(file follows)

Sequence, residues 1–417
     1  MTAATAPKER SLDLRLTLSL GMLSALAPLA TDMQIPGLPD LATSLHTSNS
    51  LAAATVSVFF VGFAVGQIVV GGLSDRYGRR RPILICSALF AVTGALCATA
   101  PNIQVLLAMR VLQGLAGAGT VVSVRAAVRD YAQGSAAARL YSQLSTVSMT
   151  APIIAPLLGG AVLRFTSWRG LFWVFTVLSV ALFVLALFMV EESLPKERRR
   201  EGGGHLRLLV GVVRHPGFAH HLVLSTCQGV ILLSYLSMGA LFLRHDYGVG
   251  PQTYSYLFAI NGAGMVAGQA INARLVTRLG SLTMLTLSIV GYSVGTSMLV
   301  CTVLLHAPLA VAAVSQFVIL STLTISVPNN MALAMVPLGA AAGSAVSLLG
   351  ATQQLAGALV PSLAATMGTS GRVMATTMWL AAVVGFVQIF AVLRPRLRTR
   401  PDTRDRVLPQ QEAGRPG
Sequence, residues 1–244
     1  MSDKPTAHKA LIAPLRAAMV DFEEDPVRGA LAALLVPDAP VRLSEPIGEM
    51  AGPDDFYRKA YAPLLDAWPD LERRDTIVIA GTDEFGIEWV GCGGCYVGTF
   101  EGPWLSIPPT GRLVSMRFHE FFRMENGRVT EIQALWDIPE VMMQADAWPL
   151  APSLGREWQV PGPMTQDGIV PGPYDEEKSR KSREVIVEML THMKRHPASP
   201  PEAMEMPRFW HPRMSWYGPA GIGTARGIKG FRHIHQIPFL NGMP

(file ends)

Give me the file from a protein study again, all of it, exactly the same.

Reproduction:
Sequence, residues 1–417
     1  MTAATAPKER SLDLRLTLSL GMLSALAPLA TDMQIPGLPD LATSLHTSNS
    51  LAAATVSVFF VGFAVGQIVV GGLSDRYGRR RPILICSALF AVTGALCATA
   101  PNIQVLLAMR VLQGLAGAGT VVSVRAAVRD YAQGSAAARL YSQLSTVSMT
   151  APIIAPLLGG AVLRFTSWRG LFWVFTVLSV ALFVLALFMV EESLPKERRR
   201  EGGGHLRLLV GVVRHPGFAH HLVLSTCQGV ILLSYLSMGA LFLRHDYGVG
   251  PQTYSYLFAI NGAGMVAGQA INARLVTRLG SLTMLTLSIV GYSVGTSMLV
   301  CTVLLHAPLA VAAVSQFVIL STLTISVPNN MALAMVPLGA AAGSAVSLLG
   351  ATQQLAGALV PSLAATMGTS GRVMATTMWL AAVVGFVQIF AVLRPRLRTR
   401  PDTRDRVLPQ QEAGRPG
Sequence, residues 1–244
     1  MSDKPTAHKA LIAPLRAAMV DFEEDPVRGA LAALLVPDAP VRLSEPIGEM
    51  AGPDDFYRKA YAPLLDAWPD LERRDTIVIA GTDEFGIEWV GCGGCYVGTF
   101  EGPWLSIPPT GRLVSMRFHE FFRMENGRVT EIQALWDIPE VMMQADAWPL
   151  APSLGREWQV PGPMTQDGIV PGPYDEEKSR KSREVIVEML THMKRHPASP
   201  PEAMEMPRFW HPRMSWYGPA GIGTARGIKG FRHIHQIPFL NGMP